They taught that the life of the mind was not a “Whites-only” section.
As a child, I looked up to African American actors and Hip-Hop artists. They were my heroes. Their celebrity status illustrated a level of success that could only be attained by a select few. And although I never had the desire to rap, act, or be in the public eye myself, I was led to believe that entertainment and professional sports were the only means of success in my community.
In high school, we read Shakespeare and Ernest Hemingway and learned about Christopher Columbus and John Kennedy. But we looked up to Michael Jordan and Jay-Z, because we resembled them. And they had “made it.” They were from our neighborhoods and backgrounds. Their mothers looked like ours. Their struggles were just the same. They were the ones we wanted to be.
It wasn’t until my first year in college that I realized that the path to success wasn’t singular at all. My whole perspective changed when I was introduced to the unnamed, underappreciated and sometimes forgotten heroes in our communities – professors of color. I found myself amazed by them. I had never met a Black professor in my life until then and I didn’t have many Black teachers in grade school. So to come across successful scholars of color, people who were thinkers and writers, researchers and lecturers, was transformative. Their intellectual prowess and classroom presence gave me a sense of worth and evoked a sense of possibility that I had never experienced before. It was then I realized that my success, as an African American, didn’t have to be determined by my athletic skills or artistic abilities. My potential was unlimited. I could follow my heart. I could be whatever I wanted to be, whether it was a doctor, lawyer, clergy, scientist or perhaps even a professor.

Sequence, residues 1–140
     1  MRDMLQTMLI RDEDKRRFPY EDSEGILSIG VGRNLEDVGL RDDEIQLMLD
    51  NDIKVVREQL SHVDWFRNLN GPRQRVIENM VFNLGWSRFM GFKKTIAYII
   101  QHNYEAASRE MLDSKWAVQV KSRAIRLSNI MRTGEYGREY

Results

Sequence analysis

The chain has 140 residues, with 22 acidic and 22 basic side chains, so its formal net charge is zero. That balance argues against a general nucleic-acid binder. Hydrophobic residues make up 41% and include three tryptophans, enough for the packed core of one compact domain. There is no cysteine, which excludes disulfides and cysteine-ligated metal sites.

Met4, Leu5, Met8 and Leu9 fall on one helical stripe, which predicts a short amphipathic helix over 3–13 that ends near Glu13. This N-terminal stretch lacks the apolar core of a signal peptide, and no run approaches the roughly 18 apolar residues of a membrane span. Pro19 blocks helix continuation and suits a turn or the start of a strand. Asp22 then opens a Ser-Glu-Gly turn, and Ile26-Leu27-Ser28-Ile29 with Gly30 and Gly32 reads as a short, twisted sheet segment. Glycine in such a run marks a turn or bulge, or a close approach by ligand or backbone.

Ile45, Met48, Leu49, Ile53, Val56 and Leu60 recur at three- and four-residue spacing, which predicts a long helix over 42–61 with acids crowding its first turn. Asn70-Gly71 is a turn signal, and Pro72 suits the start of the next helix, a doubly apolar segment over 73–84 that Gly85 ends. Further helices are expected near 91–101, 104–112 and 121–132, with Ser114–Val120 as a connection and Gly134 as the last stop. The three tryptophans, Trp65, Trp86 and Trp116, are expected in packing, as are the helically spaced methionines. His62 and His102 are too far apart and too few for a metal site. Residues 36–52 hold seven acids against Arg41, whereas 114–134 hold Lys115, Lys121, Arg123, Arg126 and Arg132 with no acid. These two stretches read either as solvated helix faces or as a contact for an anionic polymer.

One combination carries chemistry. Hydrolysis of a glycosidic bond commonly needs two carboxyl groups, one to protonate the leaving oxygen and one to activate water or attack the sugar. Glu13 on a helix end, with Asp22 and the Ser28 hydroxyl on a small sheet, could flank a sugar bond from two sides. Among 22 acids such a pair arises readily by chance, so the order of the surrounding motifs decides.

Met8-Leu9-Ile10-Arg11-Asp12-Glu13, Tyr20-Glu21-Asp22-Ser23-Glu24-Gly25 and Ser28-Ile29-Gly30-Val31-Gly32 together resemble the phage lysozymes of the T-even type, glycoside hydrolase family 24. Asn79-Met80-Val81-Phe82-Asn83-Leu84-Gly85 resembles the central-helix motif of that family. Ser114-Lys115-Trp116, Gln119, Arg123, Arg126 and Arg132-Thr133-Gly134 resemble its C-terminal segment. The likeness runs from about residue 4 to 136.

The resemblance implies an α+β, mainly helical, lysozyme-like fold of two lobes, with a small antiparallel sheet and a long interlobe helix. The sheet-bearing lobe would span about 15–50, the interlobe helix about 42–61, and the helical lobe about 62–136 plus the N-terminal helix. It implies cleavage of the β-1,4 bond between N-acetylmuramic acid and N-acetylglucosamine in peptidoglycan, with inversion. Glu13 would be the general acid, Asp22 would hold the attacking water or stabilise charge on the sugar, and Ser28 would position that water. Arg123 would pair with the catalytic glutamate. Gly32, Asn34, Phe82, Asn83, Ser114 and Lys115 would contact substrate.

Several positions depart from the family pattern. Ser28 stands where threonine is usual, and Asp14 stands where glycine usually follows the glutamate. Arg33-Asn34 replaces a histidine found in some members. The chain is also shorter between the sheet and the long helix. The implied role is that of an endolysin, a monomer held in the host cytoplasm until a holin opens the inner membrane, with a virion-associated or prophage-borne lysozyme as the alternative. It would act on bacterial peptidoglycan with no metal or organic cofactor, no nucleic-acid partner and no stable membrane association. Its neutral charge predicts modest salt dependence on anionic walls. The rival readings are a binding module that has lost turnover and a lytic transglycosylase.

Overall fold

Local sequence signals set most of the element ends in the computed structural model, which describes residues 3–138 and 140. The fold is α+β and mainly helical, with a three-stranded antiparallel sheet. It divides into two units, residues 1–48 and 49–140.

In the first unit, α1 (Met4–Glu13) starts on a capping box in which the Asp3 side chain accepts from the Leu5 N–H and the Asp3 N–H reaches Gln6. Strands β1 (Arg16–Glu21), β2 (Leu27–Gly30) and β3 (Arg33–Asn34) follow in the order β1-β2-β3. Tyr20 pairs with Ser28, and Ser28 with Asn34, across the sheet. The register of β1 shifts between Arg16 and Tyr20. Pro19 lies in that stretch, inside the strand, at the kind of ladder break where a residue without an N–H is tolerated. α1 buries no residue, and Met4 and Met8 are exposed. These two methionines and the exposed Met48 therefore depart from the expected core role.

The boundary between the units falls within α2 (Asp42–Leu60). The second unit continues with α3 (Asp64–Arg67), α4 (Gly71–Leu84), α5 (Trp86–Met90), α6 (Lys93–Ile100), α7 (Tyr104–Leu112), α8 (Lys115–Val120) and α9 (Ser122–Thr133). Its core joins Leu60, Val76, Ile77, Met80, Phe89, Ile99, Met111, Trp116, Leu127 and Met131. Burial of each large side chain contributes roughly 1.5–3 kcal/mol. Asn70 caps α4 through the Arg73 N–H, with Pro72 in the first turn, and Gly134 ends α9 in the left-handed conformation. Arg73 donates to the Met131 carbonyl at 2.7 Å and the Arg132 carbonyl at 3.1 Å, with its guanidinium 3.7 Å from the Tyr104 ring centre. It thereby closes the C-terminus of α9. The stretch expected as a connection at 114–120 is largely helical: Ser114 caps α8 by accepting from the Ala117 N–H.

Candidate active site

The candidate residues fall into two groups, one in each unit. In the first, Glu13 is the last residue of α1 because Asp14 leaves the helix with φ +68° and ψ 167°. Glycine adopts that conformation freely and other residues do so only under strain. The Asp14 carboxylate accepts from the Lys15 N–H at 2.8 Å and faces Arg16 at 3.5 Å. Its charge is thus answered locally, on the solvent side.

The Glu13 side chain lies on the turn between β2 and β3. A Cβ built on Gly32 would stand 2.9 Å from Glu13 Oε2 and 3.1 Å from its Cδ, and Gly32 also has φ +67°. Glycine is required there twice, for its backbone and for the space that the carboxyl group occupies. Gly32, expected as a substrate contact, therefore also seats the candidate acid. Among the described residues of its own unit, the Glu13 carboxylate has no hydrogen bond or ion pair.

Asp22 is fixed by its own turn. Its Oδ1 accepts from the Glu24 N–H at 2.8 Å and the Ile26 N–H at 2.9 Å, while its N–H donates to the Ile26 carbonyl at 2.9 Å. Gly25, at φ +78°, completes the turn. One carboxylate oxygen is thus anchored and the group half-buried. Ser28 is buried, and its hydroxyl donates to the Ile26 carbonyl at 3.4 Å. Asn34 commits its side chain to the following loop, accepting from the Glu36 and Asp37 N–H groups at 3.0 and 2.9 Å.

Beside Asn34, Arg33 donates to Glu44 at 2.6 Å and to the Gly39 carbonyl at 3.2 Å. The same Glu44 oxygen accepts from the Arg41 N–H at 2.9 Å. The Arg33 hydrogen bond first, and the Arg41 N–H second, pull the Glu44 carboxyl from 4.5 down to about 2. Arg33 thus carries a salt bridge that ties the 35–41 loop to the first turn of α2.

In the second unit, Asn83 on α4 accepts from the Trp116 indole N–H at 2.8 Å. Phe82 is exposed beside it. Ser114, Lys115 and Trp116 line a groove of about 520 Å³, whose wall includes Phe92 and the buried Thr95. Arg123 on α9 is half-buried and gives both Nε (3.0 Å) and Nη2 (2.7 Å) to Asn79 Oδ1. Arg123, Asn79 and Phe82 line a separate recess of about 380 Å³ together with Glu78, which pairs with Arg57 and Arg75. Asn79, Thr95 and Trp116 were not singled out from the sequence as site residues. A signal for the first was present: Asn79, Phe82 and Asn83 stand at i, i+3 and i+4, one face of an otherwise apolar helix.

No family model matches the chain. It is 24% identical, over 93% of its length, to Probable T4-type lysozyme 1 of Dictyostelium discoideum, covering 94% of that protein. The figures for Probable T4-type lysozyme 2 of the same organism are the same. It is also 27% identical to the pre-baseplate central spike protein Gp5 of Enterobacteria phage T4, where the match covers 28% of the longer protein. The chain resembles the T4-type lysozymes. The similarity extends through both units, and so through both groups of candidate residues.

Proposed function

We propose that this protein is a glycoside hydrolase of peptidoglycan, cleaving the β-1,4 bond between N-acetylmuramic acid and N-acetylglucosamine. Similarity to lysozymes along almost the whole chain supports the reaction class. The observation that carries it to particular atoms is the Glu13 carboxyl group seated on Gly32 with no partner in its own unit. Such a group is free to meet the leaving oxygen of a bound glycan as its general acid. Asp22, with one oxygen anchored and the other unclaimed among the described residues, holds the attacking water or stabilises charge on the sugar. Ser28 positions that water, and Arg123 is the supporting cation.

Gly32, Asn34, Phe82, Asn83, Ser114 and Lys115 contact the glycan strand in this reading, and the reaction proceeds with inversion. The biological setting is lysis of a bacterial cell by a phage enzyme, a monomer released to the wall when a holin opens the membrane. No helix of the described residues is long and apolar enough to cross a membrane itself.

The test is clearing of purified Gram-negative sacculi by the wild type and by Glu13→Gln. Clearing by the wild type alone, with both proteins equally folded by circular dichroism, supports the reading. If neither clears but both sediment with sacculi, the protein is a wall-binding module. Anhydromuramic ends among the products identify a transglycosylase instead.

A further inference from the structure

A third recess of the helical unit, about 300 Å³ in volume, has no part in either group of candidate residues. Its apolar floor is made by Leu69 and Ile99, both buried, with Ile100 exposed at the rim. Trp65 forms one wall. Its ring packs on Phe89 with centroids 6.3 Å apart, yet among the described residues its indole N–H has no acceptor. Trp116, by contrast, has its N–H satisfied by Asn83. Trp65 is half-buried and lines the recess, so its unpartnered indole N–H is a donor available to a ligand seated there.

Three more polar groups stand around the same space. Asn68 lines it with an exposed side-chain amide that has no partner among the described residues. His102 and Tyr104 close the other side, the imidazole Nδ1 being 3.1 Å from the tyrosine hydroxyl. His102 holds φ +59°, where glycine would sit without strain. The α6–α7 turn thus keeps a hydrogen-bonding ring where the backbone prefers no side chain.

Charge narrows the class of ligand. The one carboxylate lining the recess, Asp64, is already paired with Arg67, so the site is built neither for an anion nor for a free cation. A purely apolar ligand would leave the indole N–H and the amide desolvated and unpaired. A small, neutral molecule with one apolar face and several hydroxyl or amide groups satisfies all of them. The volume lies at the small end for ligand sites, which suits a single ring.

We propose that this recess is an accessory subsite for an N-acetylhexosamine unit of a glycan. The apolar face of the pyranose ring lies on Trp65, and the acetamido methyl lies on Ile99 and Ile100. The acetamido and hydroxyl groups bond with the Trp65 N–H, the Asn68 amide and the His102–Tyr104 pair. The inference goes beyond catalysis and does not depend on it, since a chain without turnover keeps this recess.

Time spent in the classroom wasn’t the only thing to have a profound effect on me. Their effort and investment into every aspect of my being helped make me into the man I am today. They were hard on me when it came to critical thinking. But they were loving and affirming when it came to my personal life. My experiences with Black professors let me know that I could be anything on this planet. They showed me that there were more than two ways to be successful. They taught that the life of the mind was not a “Whites-only” section. For each of them, I’m thankful.
I may not have said it back then, but thank you Dr. Linda Anderson for all of the encouragement. Your unmitigated confidence and constant words of support eradicated all of my doubts in college. I owe a certain amount of my self-assurance to you. Thank you, Dr. William Woods for your lectures on African American History. I know who I am because I know from whence I come thanks to you. And Dr. Candice Love-Jackson, you opened my eyes to literature in ways that have stuck with me to this very moment. Thanks to you, African American Literature has become sacred to me.
Our professors, especially professors of color, show up in the classrooms day in and day out without hearing a single thank you. They’re underpaid and unfortunately underappreciated. But at the same time there are no words or no amount of money that we can offer to repay them for their time and investment. How about we take a second and let them know that we notice them, we appreciate them, and we love them.
So who are some of the teachers/professors of color that have impacted your life? Have you reached out to them and told them “thank you”?